I took the iPad with the pictures I'd taken yesterday, determined to identify the boats. I had great success. The big Beneteau I knew was French Kiss. The woman who owns her doesn't have boat cards yet, but I gave her ours and she will email me so I can send her a copy. The Gozzard is Manatee; they joined the rally en-route. I have their card and will send them the image. The boat with the grey stripe around the main is Expatriate, and they were with Manatee, but didn't join the rally. It took me the longest to find out their name. I'll have to hail them on the radio, as they weren't at the luncheon. And that heeling ketch is Moxie, a Reliant 43. The owners of Moxie were pretty thrilled with the picture. They are going to email me, too, as they didn't have boat cards with them. I'll probably also see them tomorrow. (I'll add the other boat pictures to the gallery.)
The buffet was abundant and typically Bahamian. There were crab legs, ribs, fish fingers, chicken fingers, chicken wings, some sort of stew over rice, and of course macaroni and cheese, pigeon peas and rice and cole slaw. I tried a little of everything and had a plate so heaping I could hardly carry it. There were a lot of people there. I finally remembered to take a picture after folks were filtering out, but all these tables were full and several tables off to the side. Tryphena does all the cooking herself. She thanked us all for coming and we signed a guest book she had there. Bahamians really go out of their way to make the cruisers feel welcome.
On our way back from the buffet we stopped by to visit with Bill and Margaret on Margarita. They had been at the last day of the Long Island Agro Exposition, also known as Mutton Fest, when we arrived yesterday. They said they saw the red stripe on our boat as they dinghied back to theirs at about 10:30 at night. Bill shone his flashlight on our bow and determined that it was, indeed, Earendil, back in her old spot. They were happy to see us again as when we left for George Town we did not expect to be coming back to Thompson Bay again this season. But here we are, for one last visit. We'll definitely miss this place when we've finally gone.
03/17/2012, Thompson Bay, Long Island
We made it back to Thompson Bay, Long Island in record time, Bud said it was 6 hours from when we raised anchor until it was set again. We came with the cruisers rally. They announced they had 33 boats signed up and they said there were 40 boats already here at Thompson Bay. That made Bud and I pretty worried about getting a good spot to anchor, so we were ready to go as soon as they announced that the fleet was taking off. The way the rally worked, you all leave the harbor at about the same time and make your way towards the destination. The actual timed part was from White Cay Bank waypoint, around the Indian Point waypoint, and up into the entrance to the harbor. But since you're all traveling together, the whole thing sort of feels like a race.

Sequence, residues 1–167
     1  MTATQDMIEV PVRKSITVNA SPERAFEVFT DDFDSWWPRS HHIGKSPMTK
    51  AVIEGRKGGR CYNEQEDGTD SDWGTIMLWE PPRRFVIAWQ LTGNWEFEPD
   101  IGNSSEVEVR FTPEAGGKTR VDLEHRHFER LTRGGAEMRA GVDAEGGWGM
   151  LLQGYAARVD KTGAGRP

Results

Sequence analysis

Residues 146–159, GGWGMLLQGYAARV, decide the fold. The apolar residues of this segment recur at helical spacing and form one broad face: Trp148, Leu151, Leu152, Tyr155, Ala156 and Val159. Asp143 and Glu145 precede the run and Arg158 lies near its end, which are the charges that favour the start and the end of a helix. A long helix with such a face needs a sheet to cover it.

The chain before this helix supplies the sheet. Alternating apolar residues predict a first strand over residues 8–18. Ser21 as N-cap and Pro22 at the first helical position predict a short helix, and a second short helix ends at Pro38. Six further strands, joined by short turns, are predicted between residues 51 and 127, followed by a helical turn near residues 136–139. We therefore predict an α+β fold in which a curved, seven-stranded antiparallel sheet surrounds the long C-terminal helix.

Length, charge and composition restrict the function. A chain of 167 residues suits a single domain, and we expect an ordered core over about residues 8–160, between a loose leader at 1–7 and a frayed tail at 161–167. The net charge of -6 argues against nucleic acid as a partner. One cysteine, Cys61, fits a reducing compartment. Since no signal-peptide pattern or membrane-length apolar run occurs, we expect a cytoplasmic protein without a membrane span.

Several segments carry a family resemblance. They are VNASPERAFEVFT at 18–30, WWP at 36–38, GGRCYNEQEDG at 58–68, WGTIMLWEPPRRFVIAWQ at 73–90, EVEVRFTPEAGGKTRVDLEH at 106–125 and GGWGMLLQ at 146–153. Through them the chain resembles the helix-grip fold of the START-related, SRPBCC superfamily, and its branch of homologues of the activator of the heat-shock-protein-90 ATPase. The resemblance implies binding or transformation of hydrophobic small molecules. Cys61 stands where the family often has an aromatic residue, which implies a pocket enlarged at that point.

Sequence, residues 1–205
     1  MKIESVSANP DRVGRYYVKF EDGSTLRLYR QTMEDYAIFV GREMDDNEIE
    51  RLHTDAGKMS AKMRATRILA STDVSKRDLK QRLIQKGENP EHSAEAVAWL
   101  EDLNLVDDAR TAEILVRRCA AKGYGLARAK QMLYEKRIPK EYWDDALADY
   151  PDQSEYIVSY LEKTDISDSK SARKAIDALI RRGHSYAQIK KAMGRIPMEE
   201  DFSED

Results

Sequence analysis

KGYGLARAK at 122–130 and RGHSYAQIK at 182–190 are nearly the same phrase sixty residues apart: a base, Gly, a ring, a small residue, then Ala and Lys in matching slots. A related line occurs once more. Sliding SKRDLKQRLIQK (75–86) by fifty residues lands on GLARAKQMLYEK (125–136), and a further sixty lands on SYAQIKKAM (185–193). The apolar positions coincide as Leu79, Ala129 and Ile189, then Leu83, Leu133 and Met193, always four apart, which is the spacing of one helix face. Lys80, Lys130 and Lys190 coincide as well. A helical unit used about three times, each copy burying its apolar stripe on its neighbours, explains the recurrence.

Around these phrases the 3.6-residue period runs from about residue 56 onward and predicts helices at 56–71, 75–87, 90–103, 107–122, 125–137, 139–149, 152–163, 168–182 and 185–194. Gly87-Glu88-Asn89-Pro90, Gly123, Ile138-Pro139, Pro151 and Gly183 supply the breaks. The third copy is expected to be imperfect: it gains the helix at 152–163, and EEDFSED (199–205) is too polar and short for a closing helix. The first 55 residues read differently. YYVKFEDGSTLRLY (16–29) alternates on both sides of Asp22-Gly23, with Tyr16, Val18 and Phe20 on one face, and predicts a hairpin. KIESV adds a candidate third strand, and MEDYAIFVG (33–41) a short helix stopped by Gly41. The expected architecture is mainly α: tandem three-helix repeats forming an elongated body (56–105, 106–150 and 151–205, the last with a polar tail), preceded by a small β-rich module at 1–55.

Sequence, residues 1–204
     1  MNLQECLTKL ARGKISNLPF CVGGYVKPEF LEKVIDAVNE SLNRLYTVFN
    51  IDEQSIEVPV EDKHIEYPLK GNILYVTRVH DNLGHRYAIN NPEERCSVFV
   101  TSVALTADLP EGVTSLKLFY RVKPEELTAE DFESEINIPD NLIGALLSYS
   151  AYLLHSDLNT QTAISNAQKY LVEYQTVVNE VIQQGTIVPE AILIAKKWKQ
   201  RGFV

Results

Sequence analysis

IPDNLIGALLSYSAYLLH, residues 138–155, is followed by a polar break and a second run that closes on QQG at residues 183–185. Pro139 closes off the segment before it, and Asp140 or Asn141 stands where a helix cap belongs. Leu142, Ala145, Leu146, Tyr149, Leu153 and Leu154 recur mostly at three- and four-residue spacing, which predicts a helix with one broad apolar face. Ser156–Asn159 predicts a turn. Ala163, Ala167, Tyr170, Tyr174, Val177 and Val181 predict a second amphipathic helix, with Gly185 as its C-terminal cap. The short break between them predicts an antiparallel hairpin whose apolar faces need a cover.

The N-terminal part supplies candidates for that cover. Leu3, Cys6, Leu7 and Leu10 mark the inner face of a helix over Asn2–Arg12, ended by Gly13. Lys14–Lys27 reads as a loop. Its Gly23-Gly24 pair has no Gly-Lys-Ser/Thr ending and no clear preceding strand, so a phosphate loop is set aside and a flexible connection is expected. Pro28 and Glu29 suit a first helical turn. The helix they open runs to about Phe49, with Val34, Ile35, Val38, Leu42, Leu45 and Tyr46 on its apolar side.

Anyway, we had the main raised and the anchor up within three minutes of when they said boats should get going. And then Bud had me pull out the jib still in the harbor. We had about three miles to sail in the harbor and we were among the first boats to the cut out of the harbor. We had to lay off the wind to take the jib in, because we had to motor almost directly into the wind to get out the cut. It was pretty bumpy because the tide was still going out and the wind was blowing in. Once we made it through the cut we put the sails back out and went along quite nicely.
We thought we'd have to motor the second leg, as we had to turn pretty close to windward. But the wind went a bit further north and we only used the engine for a little while. We reached the waypoint and let the race coordinator know and they recorded our time. We had all the sails out and this was a better point of sail and we were making good time. We may have had too much sail out, we took the staysail in because that's the only one I can handle without either turning downwind (jib) or up into the wind (main). It didn't help our speed, but it didn't hurt. We were making between 7 and 8 knots most of the time. We were passed on the way to the mark by two boats, a 50-foot Beneteau and a catamaran. We passed the three boats that had been ahead of us coming out of the harbor during the timed part. The last boat we passed was the ketch in this photo. I never did get their name, but am trying to find them to share this picture.
When we got past the last waypoint we had to come as close to the wind as we could, but we still couldn't lay the finish line. We sailed on to the point where Bud thought we could make it through with the wind on the other side and then we tacked. Bud judged correctly and we came between the two boats that were anchored as the finish line. They were a half-mile apart, but with the wind like it was, everyone was cutting very close to the boat on the port (left) side of the line. The nice folks on that boat took a picture of us as we crossed. We ended up being the third boat across, and we were able to come up and anchor in our old spot.
This evening we had a get together on the beach and met some of the other people in the rally. The lady on the Beneteau said they got a nice picture of us as they blew by us. (I also got a nice one of them.) So eventually I might have two more pictures of Earendil under sail. Parts of the day were pretty stressful to me, but in the end I did have fun.